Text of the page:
I don’t know when the words were coined, or who did. The general definition that I can glean from all the lofty and sharp arguments on the Internet—and this is a composite definition—is that poverty porn is the use and display of stark images of persons in extreme poverty that border on the exploitative and intrusive, in order to generate sympathy and donations, to increase newspaper circulation and TV ratings, or even to gain fame. And, it is stressed, noble ends do not justify such “exploitation.”

As to generating funds, I can say from personal experience that I was so repulsed by the images of poverty in the Philippines, and of particular families at that (with names and all), shown at a high-end fund-raising dinner to which I was invited (as a journalist). I almost hyperventilated and choked on my food, but the regular guests to that yearly affair must have dug deep into their pockets. Poverty porn wasn’t yet a byword then, and I didn’t have a name for what I saw on screen.

As a journalist I have seen and written enough about poverty. Years ago I was invited by a big Catholic university to share with the entire faculty and staff going through formation sessions my encounters with poverty. What insights could I impart? Sometime back the Inquirer editors asked me to write some kind of module for reporters covering the poverty beat.

And now this debate about poverty porn, as if the media were the main purveyor of it. So how far can media practitioners—and aid workers, too—go to inform, prick consciences, afflict the comfortable, show reality, etc., and not be called pornographers?

A friend once told me that her intrepid daughter who worked with a TV production that investigated poverty in far-flung areas was assigned to be an advance party. Her task was to find a situation of extreme poverty, preferably a family, “yung nilalangaw” (fly-infested). After some time, her daughter resigned, not because of the difficult work…

In the 1980s, when it was tiempos muertes or deadly August in Negros island and despite the dictatorship’s aversion to subversive pictures, we proceeded to write and capture images. The skin-and-bones Joel Abong became the poster child of starvation in the social volcano that was Negros. I shot a photo of a young emaciated girl named April Trabocon who suffered from what looked like kwashiorkor, or extreme malnutrition. “April with August in her eyes” was the title of my magazine piece with her photo. (I want to know if she is alive.)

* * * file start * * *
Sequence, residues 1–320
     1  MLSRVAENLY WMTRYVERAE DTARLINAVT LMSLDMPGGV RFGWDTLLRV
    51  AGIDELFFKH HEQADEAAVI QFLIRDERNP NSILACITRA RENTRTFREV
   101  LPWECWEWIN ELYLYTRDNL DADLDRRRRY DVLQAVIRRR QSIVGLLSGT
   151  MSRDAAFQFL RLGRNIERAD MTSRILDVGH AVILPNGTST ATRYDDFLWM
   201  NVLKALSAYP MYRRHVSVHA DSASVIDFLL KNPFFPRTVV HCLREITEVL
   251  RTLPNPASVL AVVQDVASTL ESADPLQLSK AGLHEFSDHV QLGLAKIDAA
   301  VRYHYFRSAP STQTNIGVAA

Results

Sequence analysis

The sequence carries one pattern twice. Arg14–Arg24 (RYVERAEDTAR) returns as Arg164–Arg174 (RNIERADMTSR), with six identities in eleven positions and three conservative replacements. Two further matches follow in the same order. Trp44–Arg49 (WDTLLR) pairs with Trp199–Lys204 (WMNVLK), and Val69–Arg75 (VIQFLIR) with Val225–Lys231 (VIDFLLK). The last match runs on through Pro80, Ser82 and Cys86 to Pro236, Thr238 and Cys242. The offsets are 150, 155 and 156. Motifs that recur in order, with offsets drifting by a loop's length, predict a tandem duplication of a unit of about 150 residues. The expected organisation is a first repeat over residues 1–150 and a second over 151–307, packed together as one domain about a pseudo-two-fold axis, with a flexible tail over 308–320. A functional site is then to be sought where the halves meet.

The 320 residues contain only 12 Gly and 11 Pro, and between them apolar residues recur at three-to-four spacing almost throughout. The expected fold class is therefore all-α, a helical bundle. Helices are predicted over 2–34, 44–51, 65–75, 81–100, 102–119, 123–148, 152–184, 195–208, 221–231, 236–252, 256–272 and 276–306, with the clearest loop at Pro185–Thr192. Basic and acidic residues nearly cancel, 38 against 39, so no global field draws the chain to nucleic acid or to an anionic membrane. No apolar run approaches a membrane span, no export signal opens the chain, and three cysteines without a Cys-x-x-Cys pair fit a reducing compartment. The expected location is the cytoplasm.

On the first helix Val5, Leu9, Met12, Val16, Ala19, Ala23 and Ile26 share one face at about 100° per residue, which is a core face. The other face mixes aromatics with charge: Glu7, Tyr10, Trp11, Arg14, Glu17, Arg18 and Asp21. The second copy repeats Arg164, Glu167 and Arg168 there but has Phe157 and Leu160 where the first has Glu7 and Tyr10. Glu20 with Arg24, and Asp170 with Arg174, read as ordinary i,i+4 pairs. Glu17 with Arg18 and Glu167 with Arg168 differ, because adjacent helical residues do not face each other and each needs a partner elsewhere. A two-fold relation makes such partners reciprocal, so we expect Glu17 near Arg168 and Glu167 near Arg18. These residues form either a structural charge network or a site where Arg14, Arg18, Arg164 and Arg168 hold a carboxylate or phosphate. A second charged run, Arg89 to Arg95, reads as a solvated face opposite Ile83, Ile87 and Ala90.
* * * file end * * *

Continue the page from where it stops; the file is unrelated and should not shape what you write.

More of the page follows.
Dorothea Lange photographed faces and images during the US Great Depression that became famous. I have a book of her photographs that I bought during the exhibition of her works in San Francisco. A heartbreaking shot shows Filipinos working in a lettuce field in the 1930s. Her photo of a distressed woman is like a Mona Lisa in reverse. I first saw it in my book of photographs, “The Family of Man,” which is a collection “from the greatest photographic exhibition of all time” (1955). Beside that photo is another famous Lange photo of a sullen man holding a cup that looks empty.

I don’t see poverty porn in Lange’s black-and-whites. I feel her compassion.

I watch local TV documentaries and sense the journalists’ desire to let people and government know about hidden poverty and brazen neglect. I am grateful. But sometimes—and now that I have the name for it—some images could border on so-called poverty porn, if not exhibitionism, voyeurism or intrusion. The poor are further diminished when they are shown as “nilalangaw.”

There are award-winning docus that have captured my heart: Ditsi Carolino’s black-and-white “Minsan Lang Sila Bata” (about child labor) and “Riles” (about families living near railroad tracks). I myself wrote a two-part special report on “homes along the riles.” I photographed people in their shacks while the trains were roaring behind me. Was I doing poverty porn?

Years ago I did a magazine feature on the sex life of the urban poor, which had true-to-life stories and all. Recently, when the debate on the reproductive health bill was heating up, I resurrected and turned it into two serious column pieces—no photos, just words. I couldn’t believe the readers’ reactions. Many seemed entertained. For some, it brought laughter.